Robert Hughes, art critic of TIME magazine for the last 30 years and
author of 16 books to date, is by far the best-known, most esteemed,
and widely read art critic writing in English today. He has made dozens
of TV documentaries, mainly for the BBC and other English production
companies, since the mid-1960s. He first became known to a large television
audience in 1981 as the creator and host of the much-acclaimed history
series on modern art THE SHOCK OF THE NEW. This was seen by 26 million
public TV viewers in the U.S., and by comparable audiences in Britain
and his native Australia. His 1997 series on American art and architecture,
AMERICAN VISIONS, received equal attention and acclaim. In that year,
his achievements as a cultural broadcaster were recognized by the
British Academy of Film and Television Arts, which bestowed its most
prestigious award on him, The Richard Dimbleby Award, for "the most
important personal contribution to factual television" of 1996-97.
Writer and Host
In 2000, Mr. Hughes
was honored by the LONDON SUNDAY TIMES as Writer of the Year (previous
recipients of the award include Anthony Burgess, Nobel laureate Seamus
Heaney, and Salman Rushdie). His work as a cultural historian has
been honored by the Archives of American Art, and by the American
Academy of Arts and Sciences, which elected him to membership in 1996.
He is the only art critic to have twice won America's most coveted
award for art criticism, the Frank Jewett Mather Award, given by the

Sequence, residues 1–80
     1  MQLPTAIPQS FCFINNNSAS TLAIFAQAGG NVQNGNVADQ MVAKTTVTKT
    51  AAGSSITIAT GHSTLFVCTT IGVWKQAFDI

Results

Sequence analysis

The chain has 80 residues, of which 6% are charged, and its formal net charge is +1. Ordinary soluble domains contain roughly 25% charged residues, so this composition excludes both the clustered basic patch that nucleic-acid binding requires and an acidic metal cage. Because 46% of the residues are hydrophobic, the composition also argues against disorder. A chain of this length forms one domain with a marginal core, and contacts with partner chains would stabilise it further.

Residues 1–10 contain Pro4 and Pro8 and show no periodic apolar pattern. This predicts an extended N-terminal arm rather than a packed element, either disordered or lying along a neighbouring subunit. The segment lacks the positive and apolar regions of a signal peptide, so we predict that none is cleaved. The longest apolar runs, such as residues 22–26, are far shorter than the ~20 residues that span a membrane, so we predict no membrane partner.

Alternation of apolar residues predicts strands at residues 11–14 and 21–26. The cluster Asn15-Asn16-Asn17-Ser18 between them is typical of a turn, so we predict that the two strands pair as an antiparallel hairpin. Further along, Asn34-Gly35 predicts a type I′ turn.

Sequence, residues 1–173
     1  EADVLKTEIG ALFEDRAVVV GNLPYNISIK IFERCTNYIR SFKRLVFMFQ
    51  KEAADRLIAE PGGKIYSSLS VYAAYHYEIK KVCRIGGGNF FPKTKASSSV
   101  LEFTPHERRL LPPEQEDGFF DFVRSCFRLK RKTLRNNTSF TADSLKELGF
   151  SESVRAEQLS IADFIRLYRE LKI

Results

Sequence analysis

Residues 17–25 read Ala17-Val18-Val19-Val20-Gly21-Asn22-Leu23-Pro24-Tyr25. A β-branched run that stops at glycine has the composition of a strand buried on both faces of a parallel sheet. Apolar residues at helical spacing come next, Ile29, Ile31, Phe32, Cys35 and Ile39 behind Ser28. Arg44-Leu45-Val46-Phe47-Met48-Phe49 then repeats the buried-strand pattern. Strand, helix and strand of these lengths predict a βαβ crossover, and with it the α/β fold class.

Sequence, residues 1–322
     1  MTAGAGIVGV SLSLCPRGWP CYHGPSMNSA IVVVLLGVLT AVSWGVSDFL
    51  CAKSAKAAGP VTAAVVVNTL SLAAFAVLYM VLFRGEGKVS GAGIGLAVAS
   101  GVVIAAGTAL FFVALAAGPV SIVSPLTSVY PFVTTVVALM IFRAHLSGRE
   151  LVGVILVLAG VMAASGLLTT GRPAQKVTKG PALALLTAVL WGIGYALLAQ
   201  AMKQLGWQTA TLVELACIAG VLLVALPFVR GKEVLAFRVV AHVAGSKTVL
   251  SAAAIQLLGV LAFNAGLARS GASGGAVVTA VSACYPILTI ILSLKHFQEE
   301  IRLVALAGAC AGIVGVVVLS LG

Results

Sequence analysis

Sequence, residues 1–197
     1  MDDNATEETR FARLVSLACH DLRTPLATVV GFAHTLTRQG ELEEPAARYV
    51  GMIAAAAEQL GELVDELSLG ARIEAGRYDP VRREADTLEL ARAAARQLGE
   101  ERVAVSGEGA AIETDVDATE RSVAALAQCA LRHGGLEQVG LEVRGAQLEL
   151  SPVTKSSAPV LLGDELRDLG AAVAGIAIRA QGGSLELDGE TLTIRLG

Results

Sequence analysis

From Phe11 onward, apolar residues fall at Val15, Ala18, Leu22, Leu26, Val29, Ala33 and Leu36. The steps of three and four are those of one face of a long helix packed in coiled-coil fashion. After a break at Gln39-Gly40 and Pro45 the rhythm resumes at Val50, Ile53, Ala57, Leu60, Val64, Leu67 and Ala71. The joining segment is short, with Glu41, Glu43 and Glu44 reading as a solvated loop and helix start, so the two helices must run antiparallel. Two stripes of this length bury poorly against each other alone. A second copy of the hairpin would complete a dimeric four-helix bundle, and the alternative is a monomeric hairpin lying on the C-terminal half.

College Art Association.
Born in 1938, Mr. Hughes grew up in Australia, but has lived in Europe
and America since 1964. He has never lost touch with his native country,
where his family has lived since 1837; he remains an Australian citizen
who spends one to three months a year in his homeland. In recognition
of his services to Australian culture, he was elected an Officer in
the Order of Australia (his country's highest civilian honor) in 1994.
He was also, by a general vote conducted by the Australian media on
behalf of the Australian National Trust, elected one of 40 "living
national treasures" in 1997.
His books include the international best-seller THE FATAL SHORE
(1987), a history of the colonization of Australia as a convict
settlement; THE SHOCK OF THE NEW (1981); an award-winning collection
of essays on art and artists, NOTHING IF NOT CRITICAL (1991);
BARCELONA, a cultural-political "biography" of the great Spanish
city, which won the El Brusi prize at the Barcelona Cultural Olympiad
in 1992; THE CULTURE OF COMPLAINT (1995); and others. His most
recent work is an essay on fishing, A JERK ON ONE END: REFLECTIONS
OF A MEDIOCRE FISHERMAN (1998).
Robert Hughes lives in New York
City and Long Island.
Interview with Robert Hughes